The Anti-Corruption Bureau (ACB) has cleared foreign-owned
companies, alleged by the Baker Tilly report to have benefited from K24 billion ($40,580,600) Cashgate, saying their case would not be linked to Cashgate because payments were made after delivery of services.
The two companies—Rummage Pace and Top Prima, who are linked to same shareholders, were named by the Baker Tilly report as the biggest beneficiaries—receiving a total amount of K12 billion ($20,290,300).
The bureau, however, says it is continuing investigating the two companies over other possible breaches of the Corrupt Practices Act, including potential overpricing of contracts.
The development comes months after Weekend Nation reported that ACB had not yet acted on the two companies which allegedly received a huge chunk of the Cashgate money.
But in an e-mail response, ACB spokesperson Egritta Ndala said after months of probing the companies’ contracts with government, the bureau has established the existence of valid contracts and fulfilled delivery of services.
She dismissed the assertions that the bureau was shielding anyone from prosecution, urging public patience as some cases are difficult to investigate and prosecute.
Ndala said the bureau has been unable to share more details on some cases due to sensitivities surrounding such investigations.
“The Anti-Corruption Bureau (ACB) has continued to investigate cases that were identified in the Baker Tilly Report and other cases which the ACB has been following up from own leads and investigations.
“Though most cases which were identified in the report are commonly and generally referred by the public and journalists as Cashgate, we usually refer to Cashgate as those cases in which payments were made by government but without delivery of goods and services.
“These types of cases and where we have moved quickly by proving that payments were made without valid contracts and delivery of the corresponding goods or services. Most of the people who have been arrested and charged and convicted have been in respect to such cases.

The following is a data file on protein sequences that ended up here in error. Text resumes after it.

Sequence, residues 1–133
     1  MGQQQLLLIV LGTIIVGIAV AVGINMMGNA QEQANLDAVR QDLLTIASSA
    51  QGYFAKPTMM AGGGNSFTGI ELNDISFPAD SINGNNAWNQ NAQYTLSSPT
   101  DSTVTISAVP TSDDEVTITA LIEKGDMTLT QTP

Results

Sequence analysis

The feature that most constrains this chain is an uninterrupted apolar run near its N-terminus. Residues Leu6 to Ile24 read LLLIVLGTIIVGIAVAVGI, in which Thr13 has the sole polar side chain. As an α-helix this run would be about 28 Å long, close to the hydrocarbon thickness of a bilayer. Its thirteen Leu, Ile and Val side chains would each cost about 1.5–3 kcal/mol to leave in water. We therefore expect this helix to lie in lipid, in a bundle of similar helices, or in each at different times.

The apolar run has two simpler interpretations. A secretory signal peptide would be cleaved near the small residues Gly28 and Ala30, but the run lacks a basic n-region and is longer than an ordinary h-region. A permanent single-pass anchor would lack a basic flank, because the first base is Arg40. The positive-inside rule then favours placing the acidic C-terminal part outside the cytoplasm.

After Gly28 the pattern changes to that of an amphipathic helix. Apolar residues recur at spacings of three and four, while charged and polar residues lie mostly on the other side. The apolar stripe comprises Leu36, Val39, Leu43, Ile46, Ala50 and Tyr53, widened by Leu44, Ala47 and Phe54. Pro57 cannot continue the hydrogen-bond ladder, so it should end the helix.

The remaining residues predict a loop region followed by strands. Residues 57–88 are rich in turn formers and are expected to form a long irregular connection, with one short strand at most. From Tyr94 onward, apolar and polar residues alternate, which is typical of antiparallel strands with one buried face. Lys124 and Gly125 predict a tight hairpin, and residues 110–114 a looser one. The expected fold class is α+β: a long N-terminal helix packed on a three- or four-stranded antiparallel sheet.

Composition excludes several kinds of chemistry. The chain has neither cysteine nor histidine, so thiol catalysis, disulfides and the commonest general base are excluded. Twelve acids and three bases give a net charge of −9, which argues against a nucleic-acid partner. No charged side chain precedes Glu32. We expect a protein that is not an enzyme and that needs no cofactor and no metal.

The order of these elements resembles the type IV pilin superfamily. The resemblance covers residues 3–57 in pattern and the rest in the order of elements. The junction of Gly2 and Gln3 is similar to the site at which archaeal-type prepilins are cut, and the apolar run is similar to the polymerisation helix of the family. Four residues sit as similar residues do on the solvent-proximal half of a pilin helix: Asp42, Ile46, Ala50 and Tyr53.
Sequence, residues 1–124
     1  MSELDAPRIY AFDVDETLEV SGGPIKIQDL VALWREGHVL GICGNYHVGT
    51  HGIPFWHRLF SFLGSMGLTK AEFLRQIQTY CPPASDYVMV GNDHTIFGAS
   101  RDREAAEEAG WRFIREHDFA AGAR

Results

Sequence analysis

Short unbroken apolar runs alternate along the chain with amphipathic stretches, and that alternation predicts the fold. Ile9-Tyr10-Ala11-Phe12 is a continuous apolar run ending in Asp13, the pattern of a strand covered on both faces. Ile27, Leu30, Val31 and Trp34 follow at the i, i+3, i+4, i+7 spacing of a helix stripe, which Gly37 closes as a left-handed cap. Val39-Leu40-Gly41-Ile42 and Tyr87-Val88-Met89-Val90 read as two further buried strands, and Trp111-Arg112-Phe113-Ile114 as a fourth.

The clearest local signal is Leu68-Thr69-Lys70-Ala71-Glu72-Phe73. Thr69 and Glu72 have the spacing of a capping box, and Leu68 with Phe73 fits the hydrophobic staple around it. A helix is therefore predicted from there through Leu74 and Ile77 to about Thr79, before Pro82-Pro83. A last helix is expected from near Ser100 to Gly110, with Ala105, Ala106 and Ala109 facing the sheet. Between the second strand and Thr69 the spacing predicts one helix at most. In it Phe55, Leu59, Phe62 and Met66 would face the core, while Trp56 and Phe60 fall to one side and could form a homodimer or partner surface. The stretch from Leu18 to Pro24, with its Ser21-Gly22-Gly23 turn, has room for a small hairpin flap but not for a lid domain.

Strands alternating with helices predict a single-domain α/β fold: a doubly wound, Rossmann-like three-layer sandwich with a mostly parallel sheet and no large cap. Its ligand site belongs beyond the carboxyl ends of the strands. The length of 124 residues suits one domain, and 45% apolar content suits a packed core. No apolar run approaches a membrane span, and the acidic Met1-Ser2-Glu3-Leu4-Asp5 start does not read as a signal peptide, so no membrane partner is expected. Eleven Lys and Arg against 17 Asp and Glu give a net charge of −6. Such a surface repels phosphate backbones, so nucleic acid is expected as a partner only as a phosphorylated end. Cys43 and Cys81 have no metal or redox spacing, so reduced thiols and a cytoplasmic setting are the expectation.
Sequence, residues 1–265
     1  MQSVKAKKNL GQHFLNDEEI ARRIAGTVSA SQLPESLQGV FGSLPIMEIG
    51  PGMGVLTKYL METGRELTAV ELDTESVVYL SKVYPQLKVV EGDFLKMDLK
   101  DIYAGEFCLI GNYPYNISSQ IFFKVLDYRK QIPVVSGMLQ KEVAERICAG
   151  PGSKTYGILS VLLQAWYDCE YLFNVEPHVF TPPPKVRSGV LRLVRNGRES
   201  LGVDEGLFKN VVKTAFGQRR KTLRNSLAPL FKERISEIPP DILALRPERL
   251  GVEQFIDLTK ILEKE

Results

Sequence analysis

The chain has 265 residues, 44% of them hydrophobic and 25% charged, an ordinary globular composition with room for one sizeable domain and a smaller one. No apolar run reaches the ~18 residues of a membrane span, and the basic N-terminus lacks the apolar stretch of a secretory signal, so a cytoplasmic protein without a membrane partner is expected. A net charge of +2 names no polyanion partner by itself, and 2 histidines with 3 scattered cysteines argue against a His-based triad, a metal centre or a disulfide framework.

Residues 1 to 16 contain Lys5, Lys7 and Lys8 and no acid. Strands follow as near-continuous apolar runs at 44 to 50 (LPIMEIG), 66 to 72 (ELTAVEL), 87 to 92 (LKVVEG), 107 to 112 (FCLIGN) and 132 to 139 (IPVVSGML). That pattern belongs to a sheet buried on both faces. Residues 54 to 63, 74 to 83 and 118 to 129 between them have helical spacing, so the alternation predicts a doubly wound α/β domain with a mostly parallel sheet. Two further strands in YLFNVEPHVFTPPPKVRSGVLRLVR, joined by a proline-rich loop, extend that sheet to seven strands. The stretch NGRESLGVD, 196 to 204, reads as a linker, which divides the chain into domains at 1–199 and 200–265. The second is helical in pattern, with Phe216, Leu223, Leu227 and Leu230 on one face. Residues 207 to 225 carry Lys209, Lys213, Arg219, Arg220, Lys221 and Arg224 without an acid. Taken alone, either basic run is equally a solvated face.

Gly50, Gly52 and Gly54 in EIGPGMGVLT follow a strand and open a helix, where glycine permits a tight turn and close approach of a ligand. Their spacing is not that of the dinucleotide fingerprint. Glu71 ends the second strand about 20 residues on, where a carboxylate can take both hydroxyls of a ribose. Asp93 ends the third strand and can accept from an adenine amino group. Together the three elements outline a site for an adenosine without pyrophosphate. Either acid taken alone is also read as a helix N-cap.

She explained that the Baker Tilly Report was based on a number of payments which government made under its review period and identified Rummage Pace and Top Prima as two companies that had received significant payments related to contracts with Malawi Defence Force (MDF) and Malawi Police Service (MPS).
Ndala said investigators have traced delivery notes and goods that were ordered and delivered.
She, however, insisted the companies are not off the hook yet saying, “Over pricing of goods and services potentially may indicate existence of corruption but only if a connection or money trail is identified between the suppliers and public who were part of such transaction. Our investigations so far have not made such conclusions.”
The Baker Tilly Report said at least 14 payments were issued to two businesses called Top Prima and Rummage Pace—companies associated with a person identified as Anil Lalwani and suggested this was Cashgate.
In one appendix to the report, the audit firm named Lalwani the biggest beneficiary of Cashgate followed by convict Oswald Lutepo, former politician-cum businessperson.
The report then said Rummage Pace could not be traced but between 23 October 2012 and 21 August 2013, the company received at least K5 billion through Foreign Currency Transfers but further alleged no ODPP documents could be traced.
The report says the companies were used to procure arms for MDF and the deal was approved by Cabinet ministers. n